The Beauty of Clowning: On Charlie Chaplin’s The Circus
Note: This is the hundred-and-forty-sixth in a series of historical/critical essays examining the best in film from each year. Essentially, I am watching films from the beginning of cinematic history that interest me and/or hold some critical or cultural impact. My personal, living list of favorites is being created at Mubi, showcasing five films per year. All this being explained, what follows is an examination of my favorite 1928 film, THE CIRCUS, directed by Charlie Chaplin.
“Life is a tragedy when seen in close-up, but a comedy in long-shot.” This quote, attributed to Charlie Chaplin, is the perfect summary of the production and result of THE CIRCUS. A mediation on the very nature of performing and the product of incredible professional and personal strife for Chaplin, THE CIRCUS is often described as lucky to have been made at all, let alone to have turned out as good as it did. But then, that’s what clowns do: take the sadness inside and make everyone laugh with it. And Chaplin was perhaps the greatest clown of all.
I unironically love clowns. I bought the object in the above picture at Goodwill the other day, and I’m not creeped out by it. There’s something so magical about the art form and the clown’s place in the variety show that is a circus; next to the animal cruelty and the great displays of human athleticism, the clown dares to stride out into the ring with a painted face and make a fool of itself for the enjoyment of others. But of course, in THE CIRCUS, the Tramp doesn’t dare to do anything. He exists, in his own haphazard yet sensitive way, and subjects himself to ridicule and heartbreak in the process.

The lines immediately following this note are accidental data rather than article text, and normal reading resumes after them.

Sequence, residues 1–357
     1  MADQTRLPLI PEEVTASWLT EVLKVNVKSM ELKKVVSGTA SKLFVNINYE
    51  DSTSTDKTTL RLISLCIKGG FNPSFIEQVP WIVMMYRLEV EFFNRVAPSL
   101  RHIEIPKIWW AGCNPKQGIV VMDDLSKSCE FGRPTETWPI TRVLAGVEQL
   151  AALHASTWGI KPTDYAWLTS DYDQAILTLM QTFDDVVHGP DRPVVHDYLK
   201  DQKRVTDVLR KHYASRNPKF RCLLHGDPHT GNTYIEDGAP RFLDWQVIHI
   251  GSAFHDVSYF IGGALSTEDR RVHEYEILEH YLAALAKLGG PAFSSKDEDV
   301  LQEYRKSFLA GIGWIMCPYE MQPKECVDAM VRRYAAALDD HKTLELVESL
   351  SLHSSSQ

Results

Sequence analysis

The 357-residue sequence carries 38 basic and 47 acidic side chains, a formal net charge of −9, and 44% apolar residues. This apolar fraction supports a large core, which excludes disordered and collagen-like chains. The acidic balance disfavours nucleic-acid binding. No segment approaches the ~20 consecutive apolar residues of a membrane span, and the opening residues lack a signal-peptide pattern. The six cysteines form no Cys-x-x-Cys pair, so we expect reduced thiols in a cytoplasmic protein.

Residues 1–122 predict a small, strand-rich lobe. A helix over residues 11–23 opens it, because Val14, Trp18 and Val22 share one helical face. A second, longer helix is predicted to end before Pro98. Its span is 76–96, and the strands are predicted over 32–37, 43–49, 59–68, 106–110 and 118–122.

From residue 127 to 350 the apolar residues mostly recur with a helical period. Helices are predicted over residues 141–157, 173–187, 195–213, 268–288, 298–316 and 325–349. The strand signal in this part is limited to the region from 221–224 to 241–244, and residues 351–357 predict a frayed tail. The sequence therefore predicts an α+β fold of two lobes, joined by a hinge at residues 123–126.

THE CIRCUS feels like a tight movie; there isn’t a large number of sets and those that do exist feel closed in. It’s yet another connection to Chaplin’s music hall days, a feeling that we are encircled around a relatively intimate performance, and not removed by time and space by the screen. Rollie Totheroh’s cinematography, and Chaplin’s direction by extension, has sometimes been described as overly simplistic, but in fact, it’s almost perfectly simplistic. Chaplin lets his clowning play out for the full benefit of an audience. Viewing his films are not a first-person experience.
It’s incredible, then, that we feel so close to Chaplin’s Little Fellow, as he called him. When he sacrifices his love for Merna Kennedy’s circus rider, stepping out of the way for Harry Crocker’s tight rope walker to be left literally in the dust by the disappearing circus caravan; when the Tramp does this, and shrugs and waddles into the sunset, it’s a touching and painful moment. But it is also at the heart of clowning, the connection to human sadness that allows great comedy to flourish.
Some time ago, I was watching a Bob Hope appearance on The Tonight Show with Johnny Carson (this is what I do with my free time, among other things). Although he was promoting a dramatic picture in which his performance didn’t shine out through the ages, Hope left me with a pretty remarkable perspective I still turn to. Many find themselves surprised to see dramatic offshoots of once comedic actors, such as a Bryan Cranston or a Steve Carell or even a Melissa McCarthy. But it’s much easier for comedians or comedic actors to turn dramatic than it is the other way around; funny is actually more difficult, and to be funny, you have to know the humanly dramatic elements that comedy acknowledges, exaggerates, and skewers. Chaplin was the ultimate pioneer in this respect. He was the crying clown on screen.
You can talk about the production difficulties or the great gags or thrill sequences a la Keaton or Lloyd when it comes to THE CIRCUS. But all I can find myself thinking while watching THE CIRCUS is that it may just be Chaplin’s most personal film, at least up until LIMELIGHT (1952). THE CIRCUS is the dawning of the idea for Chaplin that not all that is good can last, given extra significance by the advent of the sound era that Chaplin so fiercely opposed. By ridiculing rote clown convention and presenting himself as a clown within a clown, a fool who got lucky and was celebrated for his talent in spite of himself, Chaplin acknowledged that the very face of comedy was changing. He might not have even thought it was changing for the better, if the ending of THE CIRCUS is to be read as the death of a sort of naivete.